• Burro (Mule) says

      Humility is to Eastern Christianity what chastity is to Western, more lauded than practiced.B

      • Rick Ro. says

        –> “Humility is to Eastern Christianity what chastity is to Western, more lauded than practiced.”

        LOL. There’s probably an element of truth to that, yes?

    • Rick Ro. says

      –> “But Eastern Christianity is more comfortable with ‘mystery’ and therefore more accepting that ‘the holy’ is surrounded with mystery.”

      Oh, I don’t know about that. I have several Christian friends — self included — who are pretty comfortable with the mysteries of God.

      • David Greene says

        Well heck, I am a mystery to myself… I think we all are truth be told 🙂

  8. Dana Ames says

    I fully expect to meet Heschel on the other side of the curtain, and I agree with his analysis reading the quote it in its 20th century context. I can easily see, and have certainly experienced in religious culture, all the problems he outlines. I do believe “religion”, especially in the First World and North America became “irrelevant, dull, oppressive, insipid”. This is a lot of what Dreher is talking about in “Benedict Option”, especially that the vast majority of religious communities don’t have a clue that this devolvement is what has happened and that’s why they’re in trouble, not primarily because of “the culture” (though that has played a role, especially with some aspects of it providing convenient excuses for leaving religion).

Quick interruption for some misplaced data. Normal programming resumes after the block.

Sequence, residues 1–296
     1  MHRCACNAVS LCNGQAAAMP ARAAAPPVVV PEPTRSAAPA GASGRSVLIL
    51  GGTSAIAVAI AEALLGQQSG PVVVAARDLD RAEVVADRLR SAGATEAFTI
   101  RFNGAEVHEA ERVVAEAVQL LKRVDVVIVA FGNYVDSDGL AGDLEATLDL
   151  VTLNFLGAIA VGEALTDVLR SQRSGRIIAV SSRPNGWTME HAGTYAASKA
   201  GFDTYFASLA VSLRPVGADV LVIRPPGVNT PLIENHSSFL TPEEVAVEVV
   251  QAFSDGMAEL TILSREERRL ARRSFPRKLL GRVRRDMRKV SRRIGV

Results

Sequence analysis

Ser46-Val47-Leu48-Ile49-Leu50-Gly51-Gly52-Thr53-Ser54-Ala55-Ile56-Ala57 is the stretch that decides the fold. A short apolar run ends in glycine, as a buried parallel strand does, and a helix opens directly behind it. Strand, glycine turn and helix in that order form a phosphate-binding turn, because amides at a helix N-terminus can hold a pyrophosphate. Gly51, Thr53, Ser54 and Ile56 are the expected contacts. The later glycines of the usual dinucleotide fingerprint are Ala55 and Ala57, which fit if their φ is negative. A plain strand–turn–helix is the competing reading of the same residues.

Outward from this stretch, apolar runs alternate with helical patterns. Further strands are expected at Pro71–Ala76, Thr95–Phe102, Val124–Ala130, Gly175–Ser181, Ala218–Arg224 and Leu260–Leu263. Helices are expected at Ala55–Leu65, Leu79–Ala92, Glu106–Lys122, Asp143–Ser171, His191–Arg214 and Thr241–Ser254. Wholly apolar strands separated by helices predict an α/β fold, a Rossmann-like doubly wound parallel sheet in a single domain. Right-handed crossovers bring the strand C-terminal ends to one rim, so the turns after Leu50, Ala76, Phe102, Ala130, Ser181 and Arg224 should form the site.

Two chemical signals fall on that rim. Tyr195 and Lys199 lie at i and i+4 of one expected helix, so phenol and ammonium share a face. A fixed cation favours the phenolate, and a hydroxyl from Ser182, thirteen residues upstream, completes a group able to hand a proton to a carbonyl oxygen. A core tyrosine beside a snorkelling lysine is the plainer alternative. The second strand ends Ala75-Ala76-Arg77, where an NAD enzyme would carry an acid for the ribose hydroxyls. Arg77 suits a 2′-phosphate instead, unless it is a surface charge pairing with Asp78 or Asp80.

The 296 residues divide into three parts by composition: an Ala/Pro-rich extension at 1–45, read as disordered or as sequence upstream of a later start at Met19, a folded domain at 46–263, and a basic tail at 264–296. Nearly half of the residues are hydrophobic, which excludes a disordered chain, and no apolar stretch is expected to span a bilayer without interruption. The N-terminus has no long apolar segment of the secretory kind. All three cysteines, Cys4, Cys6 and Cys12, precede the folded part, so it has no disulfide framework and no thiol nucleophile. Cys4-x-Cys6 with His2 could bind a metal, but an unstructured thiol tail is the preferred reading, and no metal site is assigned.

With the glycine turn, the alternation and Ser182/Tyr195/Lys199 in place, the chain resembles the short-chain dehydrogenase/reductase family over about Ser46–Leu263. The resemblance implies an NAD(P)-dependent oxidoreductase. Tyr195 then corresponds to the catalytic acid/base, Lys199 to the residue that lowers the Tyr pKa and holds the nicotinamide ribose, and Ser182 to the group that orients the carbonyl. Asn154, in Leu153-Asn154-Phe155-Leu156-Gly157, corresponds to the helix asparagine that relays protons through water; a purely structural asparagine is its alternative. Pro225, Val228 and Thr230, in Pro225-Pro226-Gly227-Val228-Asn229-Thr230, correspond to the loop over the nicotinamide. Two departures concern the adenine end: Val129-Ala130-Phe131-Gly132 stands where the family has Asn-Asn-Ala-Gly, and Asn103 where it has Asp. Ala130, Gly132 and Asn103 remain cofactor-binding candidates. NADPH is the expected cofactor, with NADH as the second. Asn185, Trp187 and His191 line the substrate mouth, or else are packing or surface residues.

Creed, discipline, habit, Tradition, authority are not bad things in and of themselves; in a society based on Enlightenment Rationalism they become overly-valorized as expressions of a particular kind of work ethic (definitely not strictly Protestant!) and assume a place they were never meant to have. Thus the baby gets thrown out with the bath water. But what if faith upholds creed, worship supports discipline, love energizes habit, the living fountain slakes our thirst for the proper stability of Tradition, when Compassion is the only point of authority? I believe this, and more, is what one finds at the heart of the depth of ancient Christianity. It is what is truly expressed in “Jesus-shaped spirituality”.